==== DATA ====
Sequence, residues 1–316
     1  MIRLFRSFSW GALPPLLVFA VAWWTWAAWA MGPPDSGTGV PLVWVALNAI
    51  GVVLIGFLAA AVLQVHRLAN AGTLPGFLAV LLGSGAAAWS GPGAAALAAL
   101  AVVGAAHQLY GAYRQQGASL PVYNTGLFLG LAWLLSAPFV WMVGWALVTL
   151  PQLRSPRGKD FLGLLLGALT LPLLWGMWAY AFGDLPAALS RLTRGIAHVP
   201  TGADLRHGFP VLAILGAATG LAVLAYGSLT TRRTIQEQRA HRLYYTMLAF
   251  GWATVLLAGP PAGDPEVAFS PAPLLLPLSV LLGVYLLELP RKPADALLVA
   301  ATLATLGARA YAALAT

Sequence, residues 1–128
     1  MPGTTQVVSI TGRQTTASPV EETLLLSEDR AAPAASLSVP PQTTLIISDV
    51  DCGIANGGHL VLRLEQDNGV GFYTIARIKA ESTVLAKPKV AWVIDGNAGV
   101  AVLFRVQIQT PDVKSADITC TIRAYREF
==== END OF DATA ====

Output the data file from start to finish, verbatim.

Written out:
Sequence, residues 1–316
     1  MIRLFRSFSW GALPPLLVFA VAWWTWAAWA MGPPDSGTGV PLVWVALNAI
    51  GVVLIGFLAA AVLQVHRLAN AGTLPGFLAV LLGSGAAAWS GPGAAALAAL
   101  AVVGAAHQLY GAYRQQGASL PVYNTGLFLG LAWLLSAPFV WMVGWALVTL
   151  PQLRSPRGKD FLGLLLGALT LPLLWGMWAY AFGDLPAALS RLTRGIAHVP
   201  TGADLRHGFP VLAILGAATG LAVLAYGSLT TRRTIQEQRA HRLYYTMLAF
   251  GWATVLLAGP PAGDPEVAFS PAPLLLPLSV LLGVYLLELP RKPADALLVA
   301  ATLATLGARA YAALAT

Sequence, residues 1–128
     1  MPGTTQVVSI TGRQTTASPV EETLLLSEDR AAPAASLSVP PQTTLIISDV
    51  DCGIANGGHL VLRLEQDNGV GFYTIARIKA ESTVLAKPKV AWVIDGNAGV
   101  AVLFRVQIQT PDVKSADITC TIRAYREF